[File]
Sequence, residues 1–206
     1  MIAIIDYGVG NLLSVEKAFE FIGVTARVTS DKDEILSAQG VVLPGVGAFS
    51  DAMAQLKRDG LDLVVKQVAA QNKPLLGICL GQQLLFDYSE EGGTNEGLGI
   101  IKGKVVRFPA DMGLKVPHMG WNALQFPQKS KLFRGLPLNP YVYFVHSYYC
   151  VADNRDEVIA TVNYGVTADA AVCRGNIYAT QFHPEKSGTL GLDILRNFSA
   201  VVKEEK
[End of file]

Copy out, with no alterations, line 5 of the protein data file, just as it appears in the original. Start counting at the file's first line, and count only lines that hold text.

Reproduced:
   151  VADNRDEVIA TVNYGVTADA AVCRGNIYAT QFHPEKSGTL GLDILRNFSA